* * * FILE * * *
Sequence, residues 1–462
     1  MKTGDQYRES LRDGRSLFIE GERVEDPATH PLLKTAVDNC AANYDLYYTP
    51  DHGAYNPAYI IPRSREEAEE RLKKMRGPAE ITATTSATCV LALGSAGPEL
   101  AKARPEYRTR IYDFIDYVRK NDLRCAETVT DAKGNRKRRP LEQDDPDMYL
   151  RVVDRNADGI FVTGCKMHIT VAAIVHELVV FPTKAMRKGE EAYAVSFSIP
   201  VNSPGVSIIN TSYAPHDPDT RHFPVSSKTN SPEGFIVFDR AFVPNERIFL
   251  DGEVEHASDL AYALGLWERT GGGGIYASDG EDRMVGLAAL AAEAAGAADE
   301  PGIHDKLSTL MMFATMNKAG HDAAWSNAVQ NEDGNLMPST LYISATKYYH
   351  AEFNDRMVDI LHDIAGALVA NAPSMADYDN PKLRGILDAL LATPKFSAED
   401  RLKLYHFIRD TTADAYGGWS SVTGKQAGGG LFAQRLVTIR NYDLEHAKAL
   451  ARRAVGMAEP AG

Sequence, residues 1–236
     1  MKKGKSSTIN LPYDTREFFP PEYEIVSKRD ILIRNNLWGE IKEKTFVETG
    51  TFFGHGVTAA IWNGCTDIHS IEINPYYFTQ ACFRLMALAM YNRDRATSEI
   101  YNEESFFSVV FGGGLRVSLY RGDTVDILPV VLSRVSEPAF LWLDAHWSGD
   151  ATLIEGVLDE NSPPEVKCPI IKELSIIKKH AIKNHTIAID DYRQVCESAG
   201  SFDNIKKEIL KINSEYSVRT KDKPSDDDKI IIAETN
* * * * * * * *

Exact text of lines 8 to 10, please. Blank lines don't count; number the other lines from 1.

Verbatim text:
   301  PGIHDKLSTL MMFATMNKAG HDAAWSNAVQ NEDGNLMPST LYISATKYYH
   351  AEFNDRMVDI LHDIAGALVA NAPSMADYDN PKLRGILDAL LATPKFSAED
   401  RLKLYHFIRD TTADAYGGWS SVTGKQAGGG LFAQRLVTIR NYDLEHAKAL